Man convicted of sexually touching child over six years has sentence reduced by Sheriff Appeal Court
The Sheriff Appeal Court has reduced the sentence of a man convicted of sexually touching a teenager after he appealed against his sentence and lodged a bill of suspension seeking to suspend the sentence imposed by the trial sheriff.
William Hepburn, aged 79 at sentencing, was originally sentenced to 12 months’ imprisonment after being convicted of contraventions of sections 3 and 30 of the Sexual Offences (Scotland) Act 2009. He argued that the sheriff who sentenced him had imposed an excessive sentence and failed to have regard to the Criminal Justice Social Work Report prepared on his behalf.
The appeal was heard by Sheriff Principal Mhairi Stephen QC, sitting with Appeal Sheriffs Norman McFadyen and Sean Murphy QC. The appellant was represented by Findlater, advocate, and the Crown by Farquharson QC.
The first charge on which the appellant was convicted was of sexually touching a complainer in the two years and nine months before she turned 16. The second charge was of a continuation of this conduct until December 2017, by which point the complainer was aged 20. He was convicted at trial by a sheriff in November 2020, at which point his sentencing was adjourned to obtain a CJSWR.
Having received the CJSWR, the trial sheriff did not find it of any help as the appellant continued to deny his guilt, concluding that the author of the report had failed to effectively challenge the appellant as to his version of events. The case was continued to allow the sheriff to meet with the author of the report, and in April 2021 the appellant was sentenced to the maximum available custodial sentence on summary complaint.
In her report, the sheriff stated that, while the appellant had never served a custodial sentence before, no less than the maximum sentence was appropriate given the serious nature of the offence. In her view, a community disposal would have no deterrent value and “fail utterly to express the disapproval society has” for the appellant’s egregious behaviour.
It was argued by the appellant that the sheriff had sought to excessively punish him, and she had indicated her desire to do so from the date of conviction. The meeting with the author of the CJSWR was highly irregular procedure and indicated that she had closed her mind to the issue of sentence and to non-custodial alternatives.
Counsel for the appellant further submitted that the sheriff had paid lip service only to the requirements of section 204 of the Criminal Procedure (Scotland) Act 1995, which required the court to impose a first-time custodial sentence only if it considered no other method to be appropriate andhad erred in characterising a community sentence as “no sentence at all”.
Delivering the opinion of the court, Sheriff Principal Stephen said of the trial sheriff’s conduct: “The sheriff’s decision to engage directly with the author of the CJSWR outwith the presence of the parties is highly irregular. It matters not that the defence solicitor was given the opportunity to seek a meeting separately with the criminal justice social work department. We cannot see that that is of any assistance or ameliorates this irregular procedure.”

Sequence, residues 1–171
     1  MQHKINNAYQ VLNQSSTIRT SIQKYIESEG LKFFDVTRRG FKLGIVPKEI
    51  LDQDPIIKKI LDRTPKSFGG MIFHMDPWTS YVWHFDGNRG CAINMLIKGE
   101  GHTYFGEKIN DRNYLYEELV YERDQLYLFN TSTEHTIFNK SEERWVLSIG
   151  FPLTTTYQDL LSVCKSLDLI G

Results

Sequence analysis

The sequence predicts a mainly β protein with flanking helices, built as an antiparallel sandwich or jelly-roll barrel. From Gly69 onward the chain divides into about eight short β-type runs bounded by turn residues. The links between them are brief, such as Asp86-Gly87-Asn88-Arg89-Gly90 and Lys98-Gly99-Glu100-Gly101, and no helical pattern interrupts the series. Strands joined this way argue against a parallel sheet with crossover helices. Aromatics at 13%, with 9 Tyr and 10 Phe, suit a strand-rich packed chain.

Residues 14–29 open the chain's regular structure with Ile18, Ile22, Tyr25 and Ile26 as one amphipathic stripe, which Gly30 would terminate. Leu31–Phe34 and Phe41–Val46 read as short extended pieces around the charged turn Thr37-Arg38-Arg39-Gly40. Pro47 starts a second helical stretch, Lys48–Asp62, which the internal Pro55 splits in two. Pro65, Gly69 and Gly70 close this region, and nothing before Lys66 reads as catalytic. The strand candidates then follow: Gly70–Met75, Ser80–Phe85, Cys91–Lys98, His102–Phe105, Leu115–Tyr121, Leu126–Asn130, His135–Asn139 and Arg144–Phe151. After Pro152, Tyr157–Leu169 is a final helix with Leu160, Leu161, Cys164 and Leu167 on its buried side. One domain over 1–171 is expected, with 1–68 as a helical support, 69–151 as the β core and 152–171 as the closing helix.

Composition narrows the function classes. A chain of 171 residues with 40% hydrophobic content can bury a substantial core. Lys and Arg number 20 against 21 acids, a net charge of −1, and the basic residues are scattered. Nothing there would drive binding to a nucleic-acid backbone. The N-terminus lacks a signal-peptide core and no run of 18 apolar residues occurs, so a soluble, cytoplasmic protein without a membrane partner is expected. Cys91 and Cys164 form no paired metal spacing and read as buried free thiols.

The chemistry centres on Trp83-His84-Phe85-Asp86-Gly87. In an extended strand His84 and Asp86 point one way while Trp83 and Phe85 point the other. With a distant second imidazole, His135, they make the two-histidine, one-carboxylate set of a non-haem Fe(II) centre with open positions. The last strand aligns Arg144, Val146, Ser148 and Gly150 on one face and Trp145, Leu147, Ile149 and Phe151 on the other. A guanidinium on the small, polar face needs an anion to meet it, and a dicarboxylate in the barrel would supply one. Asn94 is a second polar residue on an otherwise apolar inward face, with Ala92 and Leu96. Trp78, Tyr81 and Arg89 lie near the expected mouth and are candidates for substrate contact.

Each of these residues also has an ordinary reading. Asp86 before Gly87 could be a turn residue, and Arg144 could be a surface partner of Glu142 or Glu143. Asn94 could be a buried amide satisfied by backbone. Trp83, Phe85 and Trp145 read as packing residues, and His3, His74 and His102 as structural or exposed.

She continued: “It can be argued that the sheriff had shown bias, or the appearance of bias, towards the appellant and that she was determined to impose the maximum custodial sentence despite the terms of the CJSWR.”
On whether the sheriff had demonstrated any bias, she went on to say: “The sheriff developed an improper form of proceeding in the absence of any other party by having the meeting with the author of the criminal justice social work report in private. That in itself is irregular and raises the question whether there was, at least, the appearance of bias in so doing. This unwise decision on the part of the sheriff produced no discernible outcome in the sense of there being a supplementary CJSWR prepared, but does serve to underline her dissatisfaction with what she clearly thought was a report which leant too far towards the accused.”
Sheriff Principal Stephen concluded: “In these circumstances, and given that the sheriff has failed to provide a supplementary report to the appeal court on the statement of facts in the bill of suspension, we are entitled to conclude that the procedure adopted by the sheriff has left her open to the criticism that she was determined to challenge, in private, the author of the CJSWR as to the content of the report which she found painted too favourable a gloss on the appellant: his attitude to the offences and his personal circumstances.”
Addressing the appropriate disposal in the circumstances, she added: “Standing the charges of which the appellant has been convicted, we are of the view that a custodial sentence is the only appropriate sentence standing the nature and gravity of the offending which took place over a significant period of time involving the same complainer. However, having regard to the appellant’s circumstances we consider that it is not necessary to impose the maximum sentence on summary complaint.”
For these reasons, the appellant’s original sentence was quashed. In its place, the Sheriff Appeal Court imposed a sentence of 8 months’ imprisonment.